An Unreasonable Man shifts from Nader's present infamy to his first public triumph: his early-1960s crusade against accident-prone design flaws in the sleek, sexy machines rolling off Detroit's assembly lines. When GM played hardball, hiring hookers and detectives to discredit Nader, the resulting congressional inquest and six-figure invasion-of-privacy settlement made his career—Nader became the Capra-esque embodiment of the guy who fights City Hall and wins. The revelation of Mantel and Skrovan's documentary is how long he maintained that reputation, and how deeply he instilled his ideals in others. Mantel, herself a former Nader staffer, and Skrovan, a veteran staff writer on Everybody Loves Raymond, interview a number of the young activists who flocked to Washington in the late '60s as "Nader's Raiders"—proto-wonks too straight-laced for the Yippie movement, but inspired by Nader to flex their civic muscle for the common good.
Though plainly sympathetic, An Unreasonable Man doesn't so much endorse as explain Nader's decision not to step aside after it was clear he had campaigned too effectively for the Democrats' comfort. (The Dems were the "meanest bunch of motherfuckers I've ever run across," observes the invaluable investigative reporter James Ridgeway, which is saying something.) The filmmakers give ample voice to usual-suspect critics such as Alterman and Todd Gitlin, who brand Nader a deluded megalomaniac and deeply troubled. More affecting are the former Raiders who respectfully regret their boss's refusal to back down, and find his subsequent brush-off a brutally unsentimental rejection of their shared past. Sadder still are the clips of former supporters Susan Sarandon and Michael Moore actively campaigning against him—as if the ideals they once shared were no longer even an option.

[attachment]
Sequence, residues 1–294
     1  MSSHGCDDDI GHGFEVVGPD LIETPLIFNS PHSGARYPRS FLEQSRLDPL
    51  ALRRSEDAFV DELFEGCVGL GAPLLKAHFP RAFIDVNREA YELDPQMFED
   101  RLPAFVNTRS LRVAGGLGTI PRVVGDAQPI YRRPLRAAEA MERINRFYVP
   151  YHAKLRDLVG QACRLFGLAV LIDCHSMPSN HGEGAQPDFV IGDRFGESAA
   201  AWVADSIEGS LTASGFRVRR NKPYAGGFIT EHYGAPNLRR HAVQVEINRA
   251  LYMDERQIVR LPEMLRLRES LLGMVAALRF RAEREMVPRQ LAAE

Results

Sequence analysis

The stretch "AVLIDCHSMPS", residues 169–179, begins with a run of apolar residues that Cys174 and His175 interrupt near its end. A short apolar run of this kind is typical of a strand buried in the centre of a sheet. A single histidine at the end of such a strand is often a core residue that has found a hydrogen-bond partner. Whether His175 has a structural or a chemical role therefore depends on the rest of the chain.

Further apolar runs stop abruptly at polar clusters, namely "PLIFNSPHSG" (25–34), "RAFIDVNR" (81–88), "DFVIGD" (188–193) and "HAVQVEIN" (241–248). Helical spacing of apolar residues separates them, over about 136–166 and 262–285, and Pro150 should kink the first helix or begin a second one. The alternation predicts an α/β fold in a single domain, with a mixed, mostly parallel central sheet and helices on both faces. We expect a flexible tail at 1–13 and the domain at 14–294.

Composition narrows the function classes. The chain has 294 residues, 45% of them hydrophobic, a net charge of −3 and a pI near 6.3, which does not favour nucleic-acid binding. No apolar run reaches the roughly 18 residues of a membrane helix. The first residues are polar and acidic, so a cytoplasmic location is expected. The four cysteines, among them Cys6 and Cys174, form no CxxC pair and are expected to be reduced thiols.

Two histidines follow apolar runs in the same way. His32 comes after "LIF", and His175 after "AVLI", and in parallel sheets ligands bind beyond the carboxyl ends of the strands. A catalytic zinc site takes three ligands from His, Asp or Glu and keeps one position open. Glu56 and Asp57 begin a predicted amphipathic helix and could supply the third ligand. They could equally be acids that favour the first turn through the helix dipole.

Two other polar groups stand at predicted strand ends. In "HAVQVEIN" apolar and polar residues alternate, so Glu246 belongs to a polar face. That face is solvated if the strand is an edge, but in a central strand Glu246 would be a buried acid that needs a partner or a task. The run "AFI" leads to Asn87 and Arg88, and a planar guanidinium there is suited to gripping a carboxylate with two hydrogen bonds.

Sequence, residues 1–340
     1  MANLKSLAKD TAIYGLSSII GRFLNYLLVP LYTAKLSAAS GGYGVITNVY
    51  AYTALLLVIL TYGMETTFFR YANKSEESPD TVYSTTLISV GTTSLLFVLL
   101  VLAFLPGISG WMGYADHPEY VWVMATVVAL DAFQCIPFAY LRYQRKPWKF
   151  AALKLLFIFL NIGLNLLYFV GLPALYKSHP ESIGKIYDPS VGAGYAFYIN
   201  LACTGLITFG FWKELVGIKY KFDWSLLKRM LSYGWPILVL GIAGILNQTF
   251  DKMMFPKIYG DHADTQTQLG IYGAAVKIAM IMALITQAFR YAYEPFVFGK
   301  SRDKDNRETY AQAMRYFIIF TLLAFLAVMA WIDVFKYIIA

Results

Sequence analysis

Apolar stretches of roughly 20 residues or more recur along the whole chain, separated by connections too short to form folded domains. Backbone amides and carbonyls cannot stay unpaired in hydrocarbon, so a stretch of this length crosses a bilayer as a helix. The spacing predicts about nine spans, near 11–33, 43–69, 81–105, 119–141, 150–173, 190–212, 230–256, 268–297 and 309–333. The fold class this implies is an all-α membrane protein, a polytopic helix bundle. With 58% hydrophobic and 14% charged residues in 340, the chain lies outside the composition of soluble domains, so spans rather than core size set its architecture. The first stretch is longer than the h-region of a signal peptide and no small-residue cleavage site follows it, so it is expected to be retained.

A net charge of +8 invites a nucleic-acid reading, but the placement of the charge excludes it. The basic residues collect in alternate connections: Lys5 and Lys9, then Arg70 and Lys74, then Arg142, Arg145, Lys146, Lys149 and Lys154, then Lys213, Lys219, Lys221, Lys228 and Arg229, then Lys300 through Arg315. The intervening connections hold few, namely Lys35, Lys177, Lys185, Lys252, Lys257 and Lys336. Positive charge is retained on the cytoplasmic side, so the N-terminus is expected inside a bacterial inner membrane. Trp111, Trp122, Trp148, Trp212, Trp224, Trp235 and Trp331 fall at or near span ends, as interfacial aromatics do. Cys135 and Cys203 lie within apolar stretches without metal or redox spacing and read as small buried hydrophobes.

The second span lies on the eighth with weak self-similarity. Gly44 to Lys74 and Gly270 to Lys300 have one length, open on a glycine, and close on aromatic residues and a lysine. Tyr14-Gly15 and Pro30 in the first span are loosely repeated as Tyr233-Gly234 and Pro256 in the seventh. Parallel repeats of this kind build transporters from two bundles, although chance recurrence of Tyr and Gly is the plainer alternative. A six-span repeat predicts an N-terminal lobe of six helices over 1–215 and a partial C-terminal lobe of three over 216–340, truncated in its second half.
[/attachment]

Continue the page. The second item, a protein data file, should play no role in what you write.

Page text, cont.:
The question remains: Knowing what they know now, do Nader supporters regret their vote? For most, almost certainly—and Gore today seems a much more progressive figure than the lump of centrist taffy who stumped in 2000—but An Unreasonable Man reminds us why a vote for Nader mattered: Because it represented the unshakable belief in a better future, and in an individual's power to effect positive change. The film's title refers to George Bernard Shaw's dictum that "all progress depends on the unreasonable man" who insists on bending the world to his will. If the film shows that few men are as unreasonable as Ralph Nader, it also shows that few have so succeeded in shaping their world: his legacy of progressive legislation will affect generations to come. If Nader is guilty of anything, it's of clinging to his ideals amid a damburst of compromise and disillusionment as if they were a lifeboat—or an anchor.
AN UNREASONABLE MAN WAS DIRECTED BY HENRIETTE MANTEL AND STEVE SKROVAN; AND PRODUCED BY KEVIN O'DONNELL. AT REGENCY'S SOUTH COAST VILLAGE, SANTA ANA.